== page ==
MCAZ warns against unauthorized use and sale of prescription medicine


Harare (New Ziana) -The Medicines Control Authority of Zimbabwe (MCAZ) has expressed concern at the increasing reports of the buying and selling of some specially restricted prescription medical preparations that expose unborn babies to deformities.

In a statement, MCAZ director Richard Rukwata said the buying and selling of specially restricted preparations, Isotretinoin and Thalidomide has become a cause of concern in the country.

“Isotretinoin and Thalidomide formulation have teratogenic effect when taken by women of childbearing age,” he said.

“A teratogen causes foetal abnormalities resulting in birth defects including death. Isotretinoin has major effects such as learning disabilities, psychomotor and mental retardation in children exposed prenatally. Thalidomide was used as a remedy for morning sickness between 1957 and 1961 but adversely resulted in shortening of proximal limbs in born children. Other effects included damage to the face, genitalia and internal organs including heart and kidneys. Due to these severe adverse effects both medicines may only be prescribed by specialists’ practitioners, stored and dispensed from pharmacy departments of central hospital or other facilities duly authorized to do so by the MCAZ.”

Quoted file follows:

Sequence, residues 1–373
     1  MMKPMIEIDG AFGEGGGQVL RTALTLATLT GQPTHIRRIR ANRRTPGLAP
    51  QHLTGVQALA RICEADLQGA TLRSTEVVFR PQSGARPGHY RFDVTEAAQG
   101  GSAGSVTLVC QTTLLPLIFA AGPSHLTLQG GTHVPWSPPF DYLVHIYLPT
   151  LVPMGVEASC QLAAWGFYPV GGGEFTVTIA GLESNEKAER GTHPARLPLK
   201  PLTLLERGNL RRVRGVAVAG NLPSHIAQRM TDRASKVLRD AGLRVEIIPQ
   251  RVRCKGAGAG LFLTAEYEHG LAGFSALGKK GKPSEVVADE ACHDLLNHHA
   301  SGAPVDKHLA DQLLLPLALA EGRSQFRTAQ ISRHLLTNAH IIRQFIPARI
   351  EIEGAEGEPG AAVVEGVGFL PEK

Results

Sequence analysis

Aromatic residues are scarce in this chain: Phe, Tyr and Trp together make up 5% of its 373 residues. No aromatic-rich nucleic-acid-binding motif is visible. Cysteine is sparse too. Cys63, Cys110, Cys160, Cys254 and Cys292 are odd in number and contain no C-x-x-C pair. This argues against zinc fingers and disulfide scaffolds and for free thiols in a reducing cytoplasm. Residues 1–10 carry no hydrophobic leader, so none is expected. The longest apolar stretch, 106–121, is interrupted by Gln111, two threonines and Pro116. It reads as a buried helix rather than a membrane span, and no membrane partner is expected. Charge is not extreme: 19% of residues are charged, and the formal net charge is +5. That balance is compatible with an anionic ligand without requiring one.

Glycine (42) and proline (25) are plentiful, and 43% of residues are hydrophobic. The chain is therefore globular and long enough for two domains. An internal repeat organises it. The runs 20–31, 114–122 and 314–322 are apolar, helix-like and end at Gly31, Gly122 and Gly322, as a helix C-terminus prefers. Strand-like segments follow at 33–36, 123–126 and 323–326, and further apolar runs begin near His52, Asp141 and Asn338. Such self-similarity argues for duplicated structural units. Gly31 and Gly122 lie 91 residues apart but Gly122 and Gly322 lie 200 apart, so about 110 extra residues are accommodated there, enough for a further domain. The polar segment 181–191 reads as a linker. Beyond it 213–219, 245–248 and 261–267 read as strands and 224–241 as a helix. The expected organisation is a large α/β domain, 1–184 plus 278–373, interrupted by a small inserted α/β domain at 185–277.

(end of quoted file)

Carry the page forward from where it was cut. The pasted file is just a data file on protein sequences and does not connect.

Rukwata warned members of the public to avoid buying and selling Isotretinoin and Thalidomide without first consulting specialist dermatologist or oncologist.

He further urged the public to report to MCAZ if they become aware of any person that would have procured the two drugs without consulting the relevant specialists as they might be in danger of exposure.

A dermatologist treats skin ailments while an oncologist treats cancer.

New Ziana

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